Robert Barclay (q.v.), a descendant of an ancient Scottish family, who had received a liberal education, principally in Paris, at the Scots College, of which his uncle was rector, joined the Quakers about 1666, and William Penn (q.v.) came to them about two years later.
Bristol was one of the first places to be settled in Pennsylvania after William Penn received his charter for the province in 1681, and from its settlement until 1725 it was the seat of government of the county.
Sir William Penn Symons, the general commanding the British forces in Natal in September, decided to hold Glencoe.
In the middle region between them religion had a large share in promoting the formation of Pennsylvania, which was founded by the Quaker William Penn.
About this time also the north and east boundaries of the province were beginning to suffer from the aggressions of William Penn.
The territory now forming the state of Delaware was within the boundaries defined by the Maryland charter, but in 1682 it was transferred by the duke of York to William Penn and in 1685 Lord Baltimore's claim to it was denied by an order in council, on the ground that it had been inhabited by Christians before the Maryland charter was granted.
Norristown was founded in 1785, and was named in honour of Isaac Norris (c. 1671-1735), a friend of William Penn and a member of the Pennsylvania legislature, who had owned the land on which the borough is built.
General Fairfax and General Lambert are mentioned as occupants after his death, and later the property was let, William Penn of Pennsylvania being among those who leased it.
The famous Friends' public school, founded in Philadelphia in 1689 and chartered in 1697, still exists as the William Penn charter school.
In this year Lord Berkeley disposed of his share of the grant, which finally fell under the control of William Penn and his associates.
His father, Ferdinand, was a teacher of philology and philosophy in the gymnasium, while his mother was a Hanoverian lady, a lineal descendant of the great Quaker William Penn.
Chester has several interesting buildings dating from early in the 18th century - among them the city hall (1724), one of the oldest public buildings in the United States, and the house (1683) occupied for a time by William Penn.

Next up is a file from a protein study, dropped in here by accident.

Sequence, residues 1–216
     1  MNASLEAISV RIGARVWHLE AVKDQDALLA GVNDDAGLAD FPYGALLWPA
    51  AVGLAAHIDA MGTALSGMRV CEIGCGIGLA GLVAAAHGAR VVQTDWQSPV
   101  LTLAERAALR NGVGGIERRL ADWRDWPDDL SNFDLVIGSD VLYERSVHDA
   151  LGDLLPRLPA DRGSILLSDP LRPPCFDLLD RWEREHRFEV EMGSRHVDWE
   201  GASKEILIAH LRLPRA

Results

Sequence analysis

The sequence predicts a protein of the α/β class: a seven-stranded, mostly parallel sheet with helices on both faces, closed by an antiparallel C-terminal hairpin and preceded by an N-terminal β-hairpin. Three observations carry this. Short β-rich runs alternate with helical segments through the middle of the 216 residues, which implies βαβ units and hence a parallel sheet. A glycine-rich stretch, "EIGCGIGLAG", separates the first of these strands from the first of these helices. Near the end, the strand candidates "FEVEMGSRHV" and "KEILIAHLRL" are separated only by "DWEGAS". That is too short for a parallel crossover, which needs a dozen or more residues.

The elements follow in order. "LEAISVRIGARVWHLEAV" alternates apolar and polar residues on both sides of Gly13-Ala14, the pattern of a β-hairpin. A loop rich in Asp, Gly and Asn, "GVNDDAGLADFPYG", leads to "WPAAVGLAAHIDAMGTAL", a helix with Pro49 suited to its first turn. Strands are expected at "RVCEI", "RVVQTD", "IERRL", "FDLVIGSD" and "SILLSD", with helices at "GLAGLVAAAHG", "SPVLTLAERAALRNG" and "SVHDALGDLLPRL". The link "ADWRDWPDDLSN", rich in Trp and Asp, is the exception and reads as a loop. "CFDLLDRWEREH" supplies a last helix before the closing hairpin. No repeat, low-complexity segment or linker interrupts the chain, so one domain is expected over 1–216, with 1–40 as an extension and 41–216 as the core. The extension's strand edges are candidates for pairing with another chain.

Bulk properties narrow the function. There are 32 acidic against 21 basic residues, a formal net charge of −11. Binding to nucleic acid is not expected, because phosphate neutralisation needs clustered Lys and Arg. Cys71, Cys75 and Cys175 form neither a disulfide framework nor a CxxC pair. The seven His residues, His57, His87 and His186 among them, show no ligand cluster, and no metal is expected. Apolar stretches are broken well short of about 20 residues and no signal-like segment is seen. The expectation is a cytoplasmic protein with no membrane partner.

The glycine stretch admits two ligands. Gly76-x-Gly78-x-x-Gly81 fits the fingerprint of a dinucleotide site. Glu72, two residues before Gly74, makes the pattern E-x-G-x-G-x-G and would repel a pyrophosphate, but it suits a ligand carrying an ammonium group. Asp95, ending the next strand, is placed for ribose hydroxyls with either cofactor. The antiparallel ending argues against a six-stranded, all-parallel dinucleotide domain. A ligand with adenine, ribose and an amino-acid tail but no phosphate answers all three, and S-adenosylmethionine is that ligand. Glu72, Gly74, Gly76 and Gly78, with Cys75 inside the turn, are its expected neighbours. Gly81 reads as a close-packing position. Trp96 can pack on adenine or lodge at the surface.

Early in 1682, after several unsuccessful attempts to effect a sale by other means, the province was offered for sale at public auction, and was purchased by William Penn and eleven associates for £3400.
In November 1768, at a general council of the Six Nations with Sir William Johnson and representatives of Pennsylvania and Virginia, held at Fort Stanwix, on the site of the present Rome, New York (q.v.), at which was signed a treaty establishing the boundary line between the English possessions and the territory claimed by the Six Nations, the Indians sold for $io,000 to Thomas Penn (1702-1775) and Richard Penn (1706-1771), respectively, the second and third sons of William Penn - the founder of Pennsylvania - by his second wife, the remaining land in the province of Pennsylvania to which they claimed title, namely the tract lying south of the west branch of the Susquehanna river and of a straight line from the north-west corner of what is now Cambria county to the present Kittanning (in Armstrong county), and all of the territory east of the Allegheny river below Kittanning and south of the Ohio river.
west of the Delaware between 1763 and 1767 1 marked the close of the protracted boundary dispute (arising upon the grant of Pennsylvania to William Penn in 1681) between the Baltimores and Penns, proprietors respectively of Maryland and Pennsylvania.
(See NEW Jersey.) But beyond question the most interesting event in connexion with Quakerism in America is the foundation by William Penn (q.v.) of the colony of Pennsylvania, where he hoped to carry into effect the principles of his sect - to found and govern a colony without armies or military power, to reduce the Indians by justice and kindness to civilization and Christianity, to administer justice without oaths, and to extend an equal toleration to all persons who professed a belief in God.
While both nations had an impact on the state, it was the 1681 land grant to William Penn by Britain's King Charles II that would shape its destiny.
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